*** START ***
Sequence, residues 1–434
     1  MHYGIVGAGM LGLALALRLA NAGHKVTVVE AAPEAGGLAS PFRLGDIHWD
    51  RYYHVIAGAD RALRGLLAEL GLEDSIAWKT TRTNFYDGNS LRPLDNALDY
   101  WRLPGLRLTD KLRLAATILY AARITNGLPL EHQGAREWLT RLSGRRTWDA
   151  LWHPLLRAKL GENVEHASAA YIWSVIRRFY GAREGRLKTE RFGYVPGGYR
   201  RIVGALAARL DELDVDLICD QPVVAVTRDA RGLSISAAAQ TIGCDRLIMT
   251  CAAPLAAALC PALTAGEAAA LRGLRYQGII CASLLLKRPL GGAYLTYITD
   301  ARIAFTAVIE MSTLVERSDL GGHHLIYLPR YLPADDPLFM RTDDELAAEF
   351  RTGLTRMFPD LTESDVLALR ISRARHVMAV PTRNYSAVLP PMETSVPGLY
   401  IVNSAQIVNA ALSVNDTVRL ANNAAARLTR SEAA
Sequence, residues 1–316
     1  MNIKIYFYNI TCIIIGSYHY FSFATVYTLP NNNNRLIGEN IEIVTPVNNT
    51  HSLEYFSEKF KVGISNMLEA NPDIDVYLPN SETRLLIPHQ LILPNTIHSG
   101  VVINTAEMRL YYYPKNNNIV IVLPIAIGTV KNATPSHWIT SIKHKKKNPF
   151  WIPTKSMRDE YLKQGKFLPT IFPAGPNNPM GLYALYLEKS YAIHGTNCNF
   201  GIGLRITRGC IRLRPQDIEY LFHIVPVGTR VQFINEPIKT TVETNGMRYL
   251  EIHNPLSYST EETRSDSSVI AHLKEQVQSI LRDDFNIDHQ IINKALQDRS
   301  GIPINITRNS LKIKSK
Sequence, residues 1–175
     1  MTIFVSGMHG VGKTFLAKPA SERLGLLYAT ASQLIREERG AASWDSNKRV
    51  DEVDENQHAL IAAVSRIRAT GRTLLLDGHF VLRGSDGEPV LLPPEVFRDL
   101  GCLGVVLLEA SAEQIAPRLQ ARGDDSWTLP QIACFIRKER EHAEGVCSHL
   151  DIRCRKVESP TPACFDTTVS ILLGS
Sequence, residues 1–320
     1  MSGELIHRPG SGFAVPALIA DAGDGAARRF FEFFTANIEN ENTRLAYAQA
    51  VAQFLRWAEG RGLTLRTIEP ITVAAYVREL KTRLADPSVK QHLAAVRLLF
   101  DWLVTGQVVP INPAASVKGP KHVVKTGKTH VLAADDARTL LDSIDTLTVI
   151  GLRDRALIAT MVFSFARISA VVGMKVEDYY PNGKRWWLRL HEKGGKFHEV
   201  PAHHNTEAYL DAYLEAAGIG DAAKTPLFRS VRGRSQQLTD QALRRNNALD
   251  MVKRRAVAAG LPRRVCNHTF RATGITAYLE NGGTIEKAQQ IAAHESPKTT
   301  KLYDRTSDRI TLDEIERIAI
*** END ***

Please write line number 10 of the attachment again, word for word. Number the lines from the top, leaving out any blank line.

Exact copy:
   401  IVNSAQIVNA ALSVNDTVRL ANNAAARLTR SEAA